Amy Harris / AP

It’s a bit embarrassing to finish a book by Malcolm Gladwell—master of the let me take you by the hand prose style, dealer in the simple and unmistakable thesis—and realize you don’t quite know what he’s driving at.

Gladwell’s method is well established and, you would think, fail-safe. It’s one of the reasons his books have sold millions of copies. Among his other talents, he’s one of those “professional communicators” that public-speaking coaches always say we should emulate: First he tells his audience what he’s about to tell them, then he tells them, and then he tells them what he just told them. He should be impossible to misunderstand. I must be an idiot.

Another possibility is that nearly 20 years after The Tipping Point, his best-selling debut, the Gladwell formula is at last exhausted.

Confusion comes early in Talking to Strangers, Gladwell’s latest, partly because it isn’t the book we were led to believe it would be. Advance notices of Talking to Strangers promised that Gladwell would explain how we “invit[e] conflict and misunderstanding” when we find ourselves talking to stra … uh … conversing with people we don’t know. The subject is timely. If there’s one thing cultural critics have agreed to complain about, it’s that the Big Sort is nearly complete, and we have all retreated to our own socioeconomic and cultural bubbles, where exposure to people who think and act differently from us can be strictly controlled and rationed.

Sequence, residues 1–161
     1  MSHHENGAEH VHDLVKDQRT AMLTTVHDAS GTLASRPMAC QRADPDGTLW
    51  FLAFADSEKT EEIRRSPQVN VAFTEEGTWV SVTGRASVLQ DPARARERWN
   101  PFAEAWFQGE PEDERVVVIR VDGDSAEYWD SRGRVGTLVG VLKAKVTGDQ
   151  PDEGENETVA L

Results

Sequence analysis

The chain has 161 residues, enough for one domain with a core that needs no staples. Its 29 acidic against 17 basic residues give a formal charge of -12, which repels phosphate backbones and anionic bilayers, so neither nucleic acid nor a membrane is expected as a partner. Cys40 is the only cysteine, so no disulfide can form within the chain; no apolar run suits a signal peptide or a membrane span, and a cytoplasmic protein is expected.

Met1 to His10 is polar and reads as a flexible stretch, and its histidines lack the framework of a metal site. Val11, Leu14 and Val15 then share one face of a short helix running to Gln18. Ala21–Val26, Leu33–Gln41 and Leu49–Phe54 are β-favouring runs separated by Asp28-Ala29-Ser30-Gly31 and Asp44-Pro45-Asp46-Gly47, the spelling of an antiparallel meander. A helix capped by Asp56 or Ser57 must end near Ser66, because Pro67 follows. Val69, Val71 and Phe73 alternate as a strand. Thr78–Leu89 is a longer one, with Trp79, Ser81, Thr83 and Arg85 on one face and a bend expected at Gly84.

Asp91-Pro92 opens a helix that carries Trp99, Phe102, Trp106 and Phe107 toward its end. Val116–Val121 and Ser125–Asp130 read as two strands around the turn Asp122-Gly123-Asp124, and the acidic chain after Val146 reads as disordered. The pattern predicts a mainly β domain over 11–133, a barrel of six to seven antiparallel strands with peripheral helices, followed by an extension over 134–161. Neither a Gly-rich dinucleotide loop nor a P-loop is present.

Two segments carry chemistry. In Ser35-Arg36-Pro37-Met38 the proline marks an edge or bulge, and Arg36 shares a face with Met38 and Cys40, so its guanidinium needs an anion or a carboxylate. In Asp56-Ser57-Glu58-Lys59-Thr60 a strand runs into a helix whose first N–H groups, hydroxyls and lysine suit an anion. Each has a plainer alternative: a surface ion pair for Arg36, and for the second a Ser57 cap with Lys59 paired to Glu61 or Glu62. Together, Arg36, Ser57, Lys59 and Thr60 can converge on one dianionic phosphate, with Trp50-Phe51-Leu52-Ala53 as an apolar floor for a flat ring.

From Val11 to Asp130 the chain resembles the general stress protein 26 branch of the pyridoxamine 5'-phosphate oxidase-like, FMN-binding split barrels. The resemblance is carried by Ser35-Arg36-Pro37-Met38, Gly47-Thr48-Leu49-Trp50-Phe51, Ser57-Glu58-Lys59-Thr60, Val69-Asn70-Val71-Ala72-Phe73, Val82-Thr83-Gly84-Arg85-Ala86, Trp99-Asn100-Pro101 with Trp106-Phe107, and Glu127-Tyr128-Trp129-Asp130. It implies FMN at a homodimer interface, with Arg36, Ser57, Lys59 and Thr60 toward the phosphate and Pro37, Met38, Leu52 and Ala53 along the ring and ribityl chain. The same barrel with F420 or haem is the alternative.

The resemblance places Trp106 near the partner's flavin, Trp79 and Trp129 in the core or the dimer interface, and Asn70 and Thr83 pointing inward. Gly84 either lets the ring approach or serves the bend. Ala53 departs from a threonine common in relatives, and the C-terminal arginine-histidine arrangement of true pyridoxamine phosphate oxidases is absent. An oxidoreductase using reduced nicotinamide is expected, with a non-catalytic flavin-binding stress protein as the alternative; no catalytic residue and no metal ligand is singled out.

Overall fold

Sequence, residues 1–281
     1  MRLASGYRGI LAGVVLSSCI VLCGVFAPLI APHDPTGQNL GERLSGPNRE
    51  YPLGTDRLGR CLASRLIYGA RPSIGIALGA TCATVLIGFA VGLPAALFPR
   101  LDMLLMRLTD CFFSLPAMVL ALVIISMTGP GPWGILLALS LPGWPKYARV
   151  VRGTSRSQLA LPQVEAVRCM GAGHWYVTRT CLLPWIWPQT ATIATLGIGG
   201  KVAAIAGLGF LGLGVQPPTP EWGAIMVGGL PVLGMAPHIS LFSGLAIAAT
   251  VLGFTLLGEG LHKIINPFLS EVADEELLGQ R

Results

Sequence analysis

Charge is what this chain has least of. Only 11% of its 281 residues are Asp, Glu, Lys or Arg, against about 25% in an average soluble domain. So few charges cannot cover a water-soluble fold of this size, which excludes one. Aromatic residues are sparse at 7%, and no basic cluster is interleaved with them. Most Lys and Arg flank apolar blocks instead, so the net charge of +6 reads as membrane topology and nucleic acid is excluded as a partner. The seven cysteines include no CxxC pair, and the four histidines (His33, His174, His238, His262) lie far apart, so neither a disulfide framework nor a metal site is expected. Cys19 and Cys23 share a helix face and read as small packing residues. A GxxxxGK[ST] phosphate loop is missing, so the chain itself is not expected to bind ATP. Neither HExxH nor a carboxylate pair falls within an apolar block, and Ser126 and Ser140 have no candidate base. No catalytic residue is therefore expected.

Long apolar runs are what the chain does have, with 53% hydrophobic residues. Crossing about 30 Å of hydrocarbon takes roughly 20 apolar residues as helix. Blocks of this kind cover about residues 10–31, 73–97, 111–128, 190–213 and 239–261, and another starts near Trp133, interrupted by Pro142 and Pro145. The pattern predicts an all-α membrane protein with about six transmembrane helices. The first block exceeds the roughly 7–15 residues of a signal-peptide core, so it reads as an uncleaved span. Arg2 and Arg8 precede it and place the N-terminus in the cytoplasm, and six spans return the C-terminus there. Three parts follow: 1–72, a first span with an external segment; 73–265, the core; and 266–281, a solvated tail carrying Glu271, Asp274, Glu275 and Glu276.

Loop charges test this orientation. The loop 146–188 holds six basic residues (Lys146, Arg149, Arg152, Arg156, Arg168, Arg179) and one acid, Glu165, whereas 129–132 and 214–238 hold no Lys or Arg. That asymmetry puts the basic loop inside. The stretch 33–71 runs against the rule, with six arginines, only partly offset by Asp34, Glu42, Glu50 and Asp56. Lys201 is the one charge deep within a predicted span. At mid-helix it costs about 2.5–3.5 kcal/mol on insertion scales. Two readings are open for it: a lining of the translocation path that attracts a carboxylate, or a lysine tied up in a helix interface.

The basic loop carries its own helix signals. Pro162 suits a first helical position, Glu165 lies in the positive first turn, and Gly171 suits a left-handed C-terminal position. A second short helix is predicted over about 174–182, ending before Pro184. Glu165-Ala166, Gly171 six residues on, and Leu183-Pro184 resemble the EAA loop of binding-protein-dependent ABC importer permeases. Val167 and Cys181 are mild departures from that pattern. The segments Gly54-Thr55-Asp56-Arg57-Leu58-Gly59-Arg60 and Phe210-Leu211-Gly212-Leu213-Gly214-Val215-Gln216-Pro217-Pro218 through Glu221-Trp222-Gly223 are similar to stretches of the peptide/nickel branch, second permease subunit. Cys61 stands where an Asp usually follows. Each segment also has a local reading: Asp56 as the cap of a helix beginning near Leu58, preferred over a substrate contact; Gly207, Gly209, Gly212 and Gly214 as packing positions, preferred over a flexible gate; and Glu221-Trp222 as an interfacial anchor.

At least that’s the complaint in my bubble; I can’t speak for yours. The fractures of class and belief have inspired many well-meaning and systematic attempts to address them. The United States is host to a large “civil dialogue” movement, complete with membership organizations and inspirational tracts, devoted to helping us understand one another better. Gladwell has always seemed bored by politics—it’s one of his most appealing traits as a public figure—and in the new book, he wants to frog-jump our pettier divisions and take his readers back to the wellsprings of social relations, wellsprings that have been poisoned by a set of presumptions he wants us to correct. The sooner the better.

The frame for the book, appearing at the beginning and reprised at the end, is the story of Sandra Bland, who was pointlessly jailed after a routine traffic stop in Prairie View, Texas, in 2015. She committed suicide in her cell three days later. The conversation between the arresting officer and Bland, recorded on police radio, went viral on YouTube.